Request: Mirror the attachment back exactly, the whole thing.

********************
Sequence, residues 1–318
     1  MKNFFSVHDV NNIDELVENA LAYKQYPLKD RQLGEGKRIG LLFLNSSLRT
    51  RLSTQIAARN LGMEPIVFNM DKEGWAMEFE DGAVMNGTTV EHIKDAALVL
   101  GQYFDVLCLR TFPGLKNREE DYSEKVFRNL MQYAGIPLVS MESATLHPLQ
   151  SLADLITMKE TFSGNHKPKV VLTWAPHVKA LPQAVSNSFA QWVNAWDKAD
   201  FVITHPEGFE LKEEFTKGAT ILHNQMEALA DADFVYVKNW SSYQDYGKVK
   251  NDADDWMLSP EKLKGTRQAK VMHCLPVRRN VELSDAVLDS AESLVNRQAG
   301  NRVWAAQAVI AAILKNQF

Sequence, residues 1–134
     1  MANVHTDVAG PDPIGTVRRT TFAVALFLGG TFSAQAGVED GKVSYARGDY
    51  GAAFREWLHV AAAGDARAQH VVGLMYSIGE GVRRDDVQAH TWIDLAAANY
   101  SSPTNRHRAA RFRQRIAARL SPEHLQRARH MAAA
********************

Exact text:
Sequence, residues 1–318
     1  MKNFFSVHDV NNIDELVENA LAYKQYPLKD RQLGEGKRIG LLFLNSSLRT
    51  RLSTQIAARN LGMEPIVFNM DKEGWAMEFE DGAVMNGTTV EHIKDAALVL
   101  GQYFDVLCLR TFPGLKNREE DYSEKVFRNL MQYAGIPLVS MESATLHPLQ
   151  SLADLITMKE TFSGNHKPKV VLTWAPHVKA LPQAVSNSFA QWVNAWDKAD
   201  FVITHPEGFE LKEEFTKGAT ILHNQMEALA DADFVYVKNW SSYQDYGKVK
   251  NDADDWMLSP EKLKGTRQAK VMHCLPVRRN VELSDAVLDS AESLVNRQAG
   301  NRVWAAQAVI AAILKNQF

Sequence, residues 1–134
     1  MANVHTDVAG PDPIGTVRRT TFAVALFLGG TFSAQAGVED GKVSYARGDY
    51  GAAFREWLHV AAAGDARAQH VVGLMYSIGE GVRRDDVQAH TWIDLAAANY
   101  SSPTNRHRAA RFRQRIAARL SPEHLQRARH MAAA